Many of the employers, particularly in the IT BPO sector, are familiar with “employee poaching”. It is a practice of recruiting talented employees from competitors by a human resource recruiter, a practice that is widely accepted in the Philippines. While a non-compete agreement between an employee and employer is valid as long as it is reasonable, an agreement among competing firms (i.e., among employers) not to recruit or hire each other’s employees may have an anticompetitive implication.

In the US, Apple and Google agreed not to “cold call” (uninvited job-hunting) each other’s employees. This agreement is evidenced by an express communication between senior executives of Apple and Google. The agreement covered all employees of both firms and was not limited by geography, job function, product group, or time period. In addition, Apple has an internal “do not call list,” an instruction to its HR not to actively solicit employees from the listed companies. Apple’s “do not call list” includes Google. This is the same as the no-poaching agreement entered into by Lucasfilm and Pixar. The “no cold call agreement” and “no-poaching agreement” are said to be “facially anticompetitive because they eliminated a significant form of competition to attract high tech employees, and overall, substantially diminished competition to the detriment of the affected employees who were likely deprived of competitively important information and access to better job opportunities.”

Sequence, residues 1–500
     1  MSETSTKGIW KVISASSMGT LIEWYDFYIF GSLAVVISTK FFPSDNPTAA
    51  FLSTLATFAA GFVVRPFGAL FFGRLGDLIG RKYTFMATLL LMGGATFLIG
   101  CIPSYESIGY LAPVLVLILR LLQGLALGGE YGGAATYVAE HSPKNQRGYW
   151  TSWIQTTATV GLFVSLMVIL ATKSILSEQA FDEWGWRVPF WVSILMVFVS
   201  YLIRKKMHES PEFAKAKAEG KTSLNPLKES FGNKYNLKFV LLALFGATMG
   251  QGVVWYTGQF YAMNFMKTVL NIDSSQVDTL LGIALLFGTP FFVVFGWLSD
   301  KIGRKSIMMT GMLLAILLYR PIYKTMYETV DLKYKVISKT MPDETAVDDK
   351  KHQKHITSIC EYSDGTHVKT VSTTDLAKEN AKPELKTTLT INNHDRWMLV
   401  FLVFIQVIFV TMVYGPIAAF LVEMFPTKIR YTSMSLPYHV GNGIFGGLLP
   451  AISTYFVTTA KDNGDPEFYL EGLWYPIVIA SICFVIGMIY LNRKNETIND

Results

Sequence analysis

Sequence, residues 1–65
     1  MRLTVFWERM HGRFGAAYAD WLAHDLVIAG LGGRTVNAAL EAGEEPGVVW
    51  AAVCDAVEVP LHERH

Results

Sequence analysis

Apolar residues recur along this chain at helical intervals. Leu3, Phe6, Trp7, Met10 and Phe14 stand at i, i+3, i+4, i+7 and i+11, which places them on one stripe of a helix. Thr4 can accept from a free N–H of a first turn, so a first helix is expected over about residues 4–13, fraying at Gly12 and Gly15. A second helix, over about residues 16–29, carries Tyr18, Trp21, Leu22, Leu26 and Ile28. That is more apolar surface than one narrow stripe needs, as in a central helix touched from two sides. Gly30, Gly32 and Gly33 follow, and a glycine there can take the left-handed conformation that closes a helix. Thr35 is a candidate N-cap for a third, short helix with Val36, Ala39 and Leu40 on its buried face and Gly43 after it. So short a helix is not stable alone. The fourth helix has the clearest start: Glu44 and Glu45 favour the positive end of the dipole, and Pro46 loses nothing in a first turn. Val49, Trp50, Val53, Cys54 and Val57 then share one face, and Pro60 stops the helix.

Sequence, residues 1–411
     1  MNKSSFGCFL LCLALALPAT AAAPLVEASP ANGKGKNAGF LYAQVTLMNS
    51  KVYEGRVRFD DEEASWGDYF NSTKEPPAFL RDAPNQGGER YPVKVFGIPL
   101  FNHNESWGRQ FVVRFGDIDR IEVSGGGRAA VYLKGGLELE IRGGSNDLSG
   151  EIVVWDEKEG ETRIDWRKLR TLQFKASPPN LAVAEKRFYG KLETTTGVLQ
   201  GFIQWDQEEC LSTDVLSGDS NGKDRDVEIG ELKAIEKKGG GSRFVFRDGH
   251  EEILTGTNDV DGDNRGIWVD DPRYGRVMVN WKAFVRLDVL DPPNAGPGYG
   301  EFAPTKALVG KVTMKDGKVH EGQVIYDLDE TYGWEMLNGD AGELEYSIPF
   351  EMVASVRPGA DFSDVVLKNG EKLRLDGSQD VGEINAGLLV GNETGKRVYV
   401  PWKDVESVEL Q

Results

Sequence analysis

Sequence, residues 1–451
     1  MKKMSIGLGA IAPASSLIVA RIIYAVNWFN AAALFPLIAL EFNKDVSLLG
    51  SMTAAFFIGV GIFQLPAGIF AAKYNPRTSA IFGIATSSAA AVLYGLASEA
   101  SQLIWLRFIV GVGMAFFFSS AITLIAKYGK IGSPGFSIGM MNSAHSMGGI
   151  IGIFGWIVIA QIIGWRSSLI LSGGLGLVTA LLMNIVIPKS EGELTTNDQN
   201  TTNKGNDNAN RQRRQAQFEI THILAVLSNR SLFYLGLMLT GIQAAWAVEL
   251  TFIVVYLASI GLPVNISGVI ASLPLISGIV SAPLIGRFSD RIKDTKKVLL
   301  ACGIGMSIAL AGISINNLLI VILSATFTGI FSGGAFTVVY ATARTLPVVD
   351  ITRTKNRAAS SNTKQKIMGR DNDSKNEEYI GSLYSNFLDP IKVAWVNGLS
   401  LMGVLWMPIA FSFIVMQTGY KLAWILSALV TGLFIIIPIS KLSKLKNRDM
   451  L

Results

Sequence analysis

In effect, US competition laws recognize “employment market” as a distinct market where competing firms compete to hire or retain employees. According to the US Federal Trade Commission, even if competing firms are driven by a desire to reduce costs by agreeing not to compete in terms of hiring, it is still illegal under the law. Competition among employers will allow the potential employees to get better jobs through higher salaries, better benefits and terms of employment.

A major headache